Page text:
28 February 2022

Book Review: The Ship Asunder: A Maritime History of Britain in Eleven Vessels, by Tom Nancollas


Available for pre-order from

If Britain's maritime history were embodied in a single ship, she would have a prehistoric prow, a mast plucked from a Victorian steamship, the hull of a modest fishing vessel, the propeller of an ocean liner and an anchor made of stone. We might call her Asunder, and, fantastical though she is, we could in fact find her today, scattered in fragments across the country's creeks and coastlines.

This meandering journey through Britain’s maritime heritage is rich with anecdotes and snippets of history. Although Tom Nancollas follows the stories of eleven relics of important ships. I was expecting more about each ship, but as Tom Nancollas points out, 

“at the heart of this book is an absence, for ships are definingly perishable things. Sea washes, wears, squishes their hulls. Wind pulls, pushes prises apart structural members or hull coverings. Salt abrades, corrodes, dissolves until a ship may scarcely be identifiable. This is not just a story of ships’ live, but of their afterlives too.” 

There are many ‘detours’ and no sense of urgency. We pause to visit Spike Milligan’s ‘Celtic’ grave in Winchelsea, and the ornate chair, allegedly made from the timbers of Drake’s Golden Hinde.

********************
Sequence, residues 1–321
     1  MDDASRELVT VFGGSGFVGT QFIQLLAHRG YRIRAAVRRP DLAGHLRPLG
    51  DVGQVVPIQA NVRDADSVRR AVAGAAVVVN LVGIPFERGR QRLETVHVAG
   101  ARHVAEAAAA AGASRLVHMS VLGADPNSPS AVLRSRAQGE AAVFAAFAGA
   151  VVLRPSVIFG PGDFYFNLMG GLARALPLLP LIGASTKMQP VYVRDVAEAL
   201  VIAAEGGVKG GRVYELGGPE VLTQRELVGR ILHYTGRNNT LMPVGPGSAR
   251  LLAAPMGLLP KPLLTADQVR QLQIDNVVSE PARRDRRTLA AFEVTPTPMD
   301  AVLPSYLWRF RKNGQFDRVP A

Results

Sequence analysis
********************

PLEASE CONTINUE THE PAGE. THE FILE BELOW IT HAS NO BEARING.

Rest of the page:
I enjoyed the historical details, such as how the Romans would cut the prow from captured enemy ships, then use it as a platform from which to deliver victory speeches - the origin of the ‘rostrum’ sill loved by orators today.

Tom Nancollas has an engaging and relaxed style, and this is a book I’m sure I’ll return to, and makes an ideal gift for anyone with an interest in maritime history. Recommended.

Tony Riches

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About the Author

Born in Gloucester in 1988, Tom Nancollas is a writer and building conservationist based in London. After university, he joined English Heritage to work on church repair grants before moving on to the City of London and its historic townscape. Of Cornish ancestry, Tom maintained a love of seascapes during his work in the capital and became fascinated with offshore rock lighthouses, which were the subject of his critically acclaimed first book, Seashaken Houses, published in 2018.

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